In the Guardian yesterday, they had a little pullout all about Glastonbury. There was a feature by someone called Julie Bindel writing about her love of the Rap superstar Snoop Dogg who she went to see at Glastonbury this weekend.
It was entitled Top Dogg, you can read it here.
Apparently this Julie Bindel is a feminist who loves Snoop, despite his sexist lyrics. I thought I've got to read this.
I hadn't realised that Snoop was playing at Glastonbury but it seems he went down quite well.
Bindel claims that there are many feminists who love Snoop's music which sounds a huge contradiction when you listen to many of his lyrics.
When hearing Snoops records for the first time she writes:
'I hated the fact that so many were peppered with the "n" word, as well as the obligatory "bitch", "ho" and "mutherfucker" - but I chose to ignore the lyrics'
She's hit on a point here, as I can honestly admit I would never refer to women in those terms or use the "n" word, but having listened to Hip Hop for over 20 years, I've just become desensitised to it all and completely ignore it.
If a track has a good beat, bassline, and I like the flow of the rapper, then I can overlook the misogynistic and sexist lyrics. People can criticise me for this, but I think you have to listen to Hip Hop in that way.
Snoop has managed to have quite a long and successful career for a rapper, but he's managed to do that by playing on and parodying his gangster rap persona.
For me The original gangster rap era ended around 1995. Anything after that is really just a parody. The trouble is nobody ever acknowledges this, and calls almost all hip hop 'gangster rap' despite the wide variety of styles out there.
Classic gangster rap would be the likes NWA, Ice Cube, Ice T, Dr Dre's The Chronic album, and Snoop's first album Doggystyle. Classic gangster rap was always an odd mix of militant nihilistic black politics, tales of true crime, street life, and sex and violence.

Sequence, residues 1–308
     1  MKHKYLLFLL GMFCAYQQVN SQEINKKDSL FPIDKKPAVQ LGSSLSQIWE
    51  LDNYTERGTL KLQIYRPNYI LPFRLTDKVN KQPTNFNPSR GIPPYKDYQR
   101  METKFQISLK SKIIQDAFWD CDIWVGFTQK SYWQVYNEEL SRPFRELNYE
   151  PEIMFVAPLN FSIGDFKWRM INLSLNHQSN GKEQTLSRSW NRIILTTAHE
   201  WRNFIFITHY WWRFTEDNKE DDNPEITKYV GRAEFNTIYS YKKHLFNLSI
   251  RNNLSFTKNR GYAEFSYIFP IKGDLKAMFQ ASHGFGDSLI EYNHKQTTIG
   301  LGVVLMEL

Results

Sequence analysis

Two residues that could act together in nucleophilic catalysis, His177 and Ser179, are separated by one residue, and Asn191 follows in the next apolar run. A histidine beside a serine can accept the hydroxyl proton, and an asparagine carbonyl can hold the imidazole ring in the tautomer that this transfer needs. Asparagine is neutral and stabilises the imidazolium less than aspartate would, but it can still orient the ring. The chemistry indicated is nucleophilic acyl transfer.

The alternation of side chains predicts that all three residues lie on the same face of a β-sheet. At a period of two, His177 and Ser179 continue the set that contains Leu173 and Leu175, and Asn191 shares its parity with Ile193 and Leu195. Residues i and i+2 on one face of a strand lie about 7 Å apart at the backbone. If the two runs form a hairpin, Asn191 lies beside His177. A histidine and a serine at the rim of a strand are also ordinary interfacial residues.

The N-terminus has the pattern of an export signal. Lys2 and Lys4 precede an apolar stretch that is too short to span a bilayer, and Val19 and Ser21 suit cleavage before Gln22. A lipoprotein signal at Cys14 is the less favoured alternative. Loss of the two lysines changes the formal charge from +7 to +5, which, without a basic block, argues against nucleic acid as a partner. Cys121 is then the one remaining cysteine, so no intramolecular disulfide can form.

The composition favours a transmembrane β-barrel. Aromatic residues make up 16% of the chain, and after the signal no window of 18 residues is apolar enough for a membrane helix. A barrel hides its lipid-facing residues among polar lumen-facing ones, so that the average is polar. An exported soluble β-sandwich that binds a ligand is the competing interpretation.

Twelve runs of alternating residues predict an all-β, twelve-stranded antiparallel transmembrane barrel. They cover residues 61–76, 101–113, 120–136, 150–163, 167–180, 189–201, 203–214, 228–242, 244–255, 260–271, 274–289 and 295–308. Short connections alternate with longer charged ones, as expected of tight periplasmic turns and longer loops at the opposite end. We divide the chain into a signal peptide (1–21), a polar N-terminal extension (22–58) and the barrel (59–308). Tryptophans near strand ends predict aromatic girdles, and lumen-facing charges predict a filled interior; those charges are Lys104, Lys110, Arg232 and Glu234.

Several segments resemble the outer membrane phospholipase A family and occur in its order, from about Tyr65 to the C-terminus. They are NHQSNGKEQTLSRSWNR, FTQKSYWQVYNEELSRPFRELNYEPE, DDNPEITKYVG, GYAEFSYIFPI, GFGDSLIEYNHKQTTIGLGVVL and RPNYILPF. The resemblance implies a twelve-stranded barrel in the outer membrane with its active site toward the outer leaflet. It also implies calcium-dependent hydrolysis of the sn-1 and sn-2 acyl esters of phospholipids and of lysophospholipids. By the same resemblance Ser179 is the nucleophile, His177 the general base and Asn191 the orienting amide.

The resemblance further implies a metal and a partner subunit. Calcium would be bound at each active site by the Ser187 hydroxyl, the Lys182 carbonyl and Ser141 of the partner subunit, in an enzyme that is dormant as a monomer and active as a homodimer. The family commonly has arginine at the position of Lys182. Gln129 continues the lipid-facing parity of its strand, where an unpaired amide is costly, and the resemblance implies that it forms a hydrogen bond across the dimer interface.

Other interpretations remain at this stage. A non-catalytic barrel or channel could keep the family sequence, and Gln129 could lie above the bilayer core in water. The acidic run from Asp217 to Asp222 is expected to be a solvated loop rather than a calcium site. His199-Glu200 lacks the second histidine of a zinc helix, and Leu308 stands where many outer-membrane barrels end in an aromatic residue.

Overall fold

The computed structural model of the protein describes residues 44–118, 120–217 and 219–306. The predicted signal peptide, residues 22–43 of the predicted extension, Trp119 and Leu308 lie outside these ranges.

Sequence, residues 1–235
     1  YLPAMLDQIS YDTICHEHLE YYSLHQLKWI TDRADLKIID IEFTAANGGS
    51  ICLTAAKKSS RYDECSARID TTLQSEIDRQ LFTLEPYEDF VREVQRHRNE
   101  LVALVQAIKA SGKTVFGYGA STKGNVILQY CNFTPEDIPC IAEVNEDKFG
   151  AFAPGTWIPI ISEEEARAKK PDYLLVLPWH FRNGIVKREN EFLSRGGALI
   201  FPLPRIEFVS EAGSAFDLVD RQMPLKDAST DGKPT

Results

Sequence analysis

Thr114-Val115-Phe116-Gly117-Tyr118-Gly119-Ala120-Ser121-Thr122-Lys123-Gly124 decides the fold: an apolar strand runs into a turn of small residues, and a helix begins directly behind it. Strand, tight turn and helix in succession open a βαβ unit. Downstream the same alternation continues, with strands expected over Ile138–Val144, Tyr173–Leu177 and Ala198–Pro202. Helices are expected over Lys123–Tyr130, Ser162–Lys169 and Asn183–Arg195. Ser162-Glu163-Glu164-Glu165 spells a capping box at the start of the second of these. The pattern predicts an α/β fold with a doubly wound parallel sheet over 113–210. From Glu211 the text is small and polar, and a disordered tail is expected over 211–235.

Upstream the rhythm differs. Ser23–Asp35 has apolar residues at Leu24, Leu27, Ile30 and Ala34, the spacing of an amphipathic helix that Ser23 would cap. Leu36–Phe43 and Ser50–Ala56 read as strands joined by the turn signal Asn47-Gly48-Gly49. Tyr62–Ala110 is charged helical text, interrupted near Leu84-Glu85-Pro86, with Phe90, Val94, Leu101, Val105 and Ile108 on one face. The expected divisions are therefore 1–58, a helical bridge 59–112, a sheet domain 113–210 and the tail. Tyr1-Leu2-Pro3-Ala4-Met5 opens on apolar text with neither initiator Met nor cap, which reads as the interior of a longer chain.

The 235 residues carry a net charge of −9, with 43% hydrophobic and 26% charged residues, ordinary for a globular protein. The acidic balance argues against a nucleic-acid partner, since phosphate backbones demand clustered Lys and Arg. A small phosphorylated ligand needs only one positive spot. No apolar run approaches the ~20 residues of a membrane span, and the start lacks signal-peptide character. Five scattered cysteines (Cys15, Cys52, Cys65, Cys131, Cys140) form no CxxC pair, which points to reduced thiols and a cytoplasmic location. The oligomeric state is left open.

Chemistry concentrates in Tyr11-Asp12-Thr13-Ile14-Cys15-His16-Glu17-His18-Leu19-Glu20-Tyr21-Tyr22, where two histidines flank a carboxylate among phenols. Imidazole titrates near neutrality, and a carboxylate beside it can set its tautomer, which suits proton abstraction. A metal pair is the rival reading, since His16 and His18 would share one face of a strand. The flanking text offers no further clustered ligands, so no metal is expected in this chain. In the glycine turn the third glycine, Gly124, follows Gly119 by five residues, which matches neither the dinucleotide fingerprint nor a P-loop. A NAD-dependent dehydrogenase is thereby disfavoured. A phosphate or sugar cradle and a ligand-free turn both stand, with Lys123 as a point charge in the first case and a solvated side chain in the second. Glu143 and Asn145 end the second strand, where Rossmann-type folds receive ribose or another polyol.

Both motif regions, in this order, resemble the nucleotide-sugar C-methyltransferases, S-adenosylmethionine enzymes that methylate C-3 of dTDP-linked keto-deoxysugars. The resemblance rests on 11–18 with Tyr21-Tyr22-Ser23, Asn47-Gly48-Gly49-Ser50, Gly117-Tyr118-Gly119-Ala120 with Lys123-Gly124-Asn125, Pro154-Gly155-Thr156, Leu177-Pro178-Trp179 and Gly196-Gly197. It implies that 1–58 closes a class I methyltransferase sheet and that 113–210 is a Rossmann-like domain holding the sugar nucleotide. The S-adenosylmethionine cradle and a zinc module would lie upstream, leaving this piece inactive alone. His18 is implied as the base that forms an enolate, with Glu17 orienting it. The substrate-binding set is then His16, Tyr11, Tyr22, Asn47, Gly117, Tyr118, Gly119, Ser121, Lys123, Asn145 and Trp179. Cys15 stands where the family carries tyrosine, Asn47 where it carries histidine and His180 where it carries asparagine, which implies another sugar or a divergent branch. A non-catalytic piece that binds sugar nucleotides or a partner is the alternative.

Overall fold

Back in the late 80s and early 90s, you'd never really heard stuff like that before, it felt 'real' as they say in hip hop. You could believe that the rappers lived the lives they ware talking about.
This isn't the case now. Once gangster rap started to sell records in its millions, that 'realness' soon disappeared, it became sanitised, the record companies were simply just selling a lifestyle and image to both white and black kids. It was all just a parody.
What I like about Snoop, is that I think he understands this. He's not a real gangster, he just representing a persona, telling stories that might be sexist and violent, but it's all just a fantasy.
Bindel spoke to other women who loved Snoop's music but thought he hated women. I don't think he hates women at all and neither do I, even though I'll happily listen to his lyrics.
On a sort of rational level it doesn't really make sense. One of the best examples of how I feel about Hip Hop comes from the American comedian Chris Rock.
Have a look at this clip of him talking about Rap music, in so many ways it sums up everything I feel about Hip Hop
Love Hip Hop tired of defending it!